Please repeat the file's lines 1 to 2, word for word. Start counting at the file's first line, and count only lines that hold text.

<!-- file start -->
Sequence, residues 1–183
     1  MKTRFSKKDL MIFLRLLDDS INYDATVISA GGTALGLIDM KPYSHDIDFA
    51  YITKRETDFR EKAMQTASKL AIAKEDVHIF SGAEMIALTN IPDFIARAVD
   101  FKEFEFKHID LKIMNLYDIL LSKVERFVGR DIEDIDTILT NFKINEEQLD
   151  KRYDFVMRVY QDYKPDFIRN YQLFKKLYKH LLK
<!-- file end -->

Sequence, residues 1–183
     1  MKTRFSKKDL MIFLRLLDDS INYDATVISA GGTALGLIDM KPYSHDIDFA